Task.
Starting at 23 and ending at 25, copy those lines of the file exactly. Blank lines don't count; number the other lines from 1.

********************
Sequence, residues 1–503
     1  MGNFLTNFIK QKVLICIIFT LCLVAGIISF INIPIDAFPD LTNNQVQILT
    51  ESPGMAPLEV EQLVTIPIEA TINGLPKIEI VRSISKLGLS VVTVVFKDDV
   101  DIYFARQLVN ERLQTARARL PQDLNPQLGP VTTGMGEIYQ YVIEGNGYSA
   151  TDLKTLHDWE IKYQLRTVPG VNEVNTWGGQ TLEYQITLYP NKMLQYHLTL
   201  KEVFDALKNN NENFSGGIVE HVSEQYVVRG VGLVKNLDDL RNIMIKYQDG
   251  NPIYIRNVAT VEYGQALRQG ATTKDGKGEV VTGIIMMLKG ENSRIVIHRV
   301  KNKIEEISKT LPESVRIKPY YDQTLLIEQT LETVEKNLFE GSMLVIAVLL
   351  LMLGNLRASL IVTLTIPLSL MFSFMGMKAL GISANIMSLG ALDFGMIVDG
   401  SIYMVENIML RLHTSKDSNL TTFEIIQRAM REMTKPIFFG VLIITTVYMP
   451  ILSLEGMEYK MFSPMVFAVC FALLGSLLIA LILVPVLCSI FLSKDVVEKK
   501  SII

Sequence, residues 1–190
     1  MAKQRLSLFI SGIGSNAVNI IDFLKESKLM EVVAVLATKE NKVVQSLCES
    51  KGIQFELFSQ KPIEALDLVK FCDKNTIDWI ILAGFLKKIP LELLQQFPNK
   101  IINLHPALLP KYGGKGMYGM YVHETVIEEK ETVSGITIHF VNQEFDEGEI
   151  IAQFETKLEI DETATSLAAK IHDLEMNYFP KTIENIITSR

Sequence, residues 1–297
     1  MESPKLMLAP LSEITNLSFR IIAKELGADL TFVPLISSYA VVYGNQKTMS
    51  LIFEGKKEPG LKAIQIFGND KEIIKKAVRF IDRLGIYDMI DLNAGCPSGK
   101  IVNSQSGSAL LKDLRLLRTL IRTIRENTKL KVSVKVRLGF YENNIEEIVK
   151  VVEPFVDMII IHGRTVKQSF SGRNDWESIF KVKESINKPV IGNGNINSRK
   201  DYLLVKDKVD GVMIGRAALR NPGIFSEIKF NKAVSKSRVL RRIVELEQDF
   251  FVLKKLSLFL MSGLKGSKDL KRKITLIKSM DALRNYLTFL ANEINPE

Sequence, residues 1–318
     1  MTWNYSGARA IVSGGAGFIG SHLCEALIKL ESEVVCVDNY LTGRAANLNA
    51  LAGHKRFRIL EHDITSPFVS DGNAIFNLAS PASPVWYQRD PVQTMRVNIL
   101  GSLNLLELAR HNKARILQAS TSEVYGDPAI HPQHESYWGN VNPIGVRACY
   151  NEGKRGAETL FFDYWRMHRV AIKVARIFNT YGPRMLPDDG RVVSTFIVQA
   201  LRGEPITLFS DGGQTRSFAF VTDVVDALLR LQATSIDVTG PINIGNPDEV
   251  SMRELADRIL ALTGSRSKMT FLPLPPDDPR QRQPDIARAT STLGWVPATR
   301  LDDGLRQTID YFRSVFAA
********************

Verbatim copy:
   201  DYLLVKDKVD GVMIGRAALR NPGIFSEIKF NKAVSKSRVL RRIVELEQDF
   251  FVLKKLSLFL MSGLKGSKDL KRKITLIKSM DALRNYLTFL ANEINPE

Sequence, residues 1–318